The tsunami in the Tonga archipelago, in Oceania, which occurred on January 15, was noticed in Brazil 17 hours after the occurrence of the phenomenon. The information was released this Friday (21), by the Brazilian Institute of Geography and Statistics (IBGE).
The detection took place at the Arraial do Cabo Station, in the Lagos Region, in Rio de Janeiro, one of six of this type maintained by the institute, which are part of the Permanent Maregráfica Network for Geodesy. The phenomenon generated a rise of eight centimeters in sea level.
Everton Gomes dos Santos, an IBGE surveyor engineer, points out that the change was brief. “There was a significant discrepancy between the astronomical tidal forecast and the height of the water level at the site. After about a day, the levels started to return to normal,” he says.
The phenomenon was not noticed in the other five active tide gauge stations in the country. They are located in Belém (PA), Fortaleza (CE), Imbituba (SC), Salvador (BA) and Santana (AP).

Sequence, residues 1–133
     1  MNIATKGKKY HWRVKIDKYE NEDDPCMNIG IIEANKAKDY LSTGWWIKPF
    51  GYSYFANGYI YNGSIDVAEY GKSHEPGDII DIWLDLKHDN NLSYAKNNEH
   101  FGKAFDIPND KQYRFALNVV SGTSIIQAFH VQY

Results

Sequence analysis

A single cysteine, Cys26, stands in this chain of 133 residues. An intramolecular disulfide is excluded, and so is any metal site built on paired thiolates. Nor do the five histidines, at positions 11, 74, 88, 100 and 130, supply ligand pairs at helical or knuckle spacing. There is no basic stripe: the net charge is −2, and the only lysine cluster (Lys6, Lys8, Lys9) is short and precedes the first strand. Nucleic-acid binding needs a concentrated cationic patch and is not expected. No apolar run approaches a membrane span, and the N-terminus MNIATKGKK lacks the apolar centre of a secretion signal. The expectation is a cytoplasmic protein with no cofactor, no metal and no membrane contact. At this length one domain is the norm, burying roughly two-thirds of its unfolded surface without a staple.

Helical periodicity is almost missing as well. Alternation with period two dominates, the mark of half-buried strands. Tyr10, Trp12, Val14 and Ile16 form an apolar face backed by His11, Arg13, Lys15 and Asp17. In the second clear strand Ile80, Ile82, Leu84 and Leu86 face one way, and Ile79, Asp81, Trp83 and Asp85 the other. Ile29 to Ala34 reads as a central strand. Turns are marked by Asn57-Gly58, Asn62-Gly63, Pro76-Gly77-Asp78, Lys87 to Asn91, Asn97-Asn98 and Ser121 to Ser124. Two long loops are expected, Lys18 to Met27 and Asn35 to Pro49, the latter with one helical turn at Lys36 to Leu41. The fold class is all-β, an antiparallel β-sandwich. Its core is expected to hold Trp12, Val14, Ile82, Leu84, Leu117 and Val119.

The tsunami in Tonga began after a strong eruption occurred at Hunga-Tonga-Hunga-Há’apai, a submerged volcano in the Pacific that raised the level of waves. They reached 1.2 meters and reached the coast of the archipelago, which has about 100,000 inhabitants.
The episode left at least three dead in Tonga, where many localities were left without access to electricity. Last Thursday (20), the first flights of humanitarian aid, from neighboring Australia and New Zealand, began to arrive in the archipelago.
The aid began to arrive after an alert about possible food shortages in the country. The environmental incident generated volcanic ash and debris. They hit the runway at the international airport, which needed to be cleaned to receive the donations.
Reference: CNN Brasil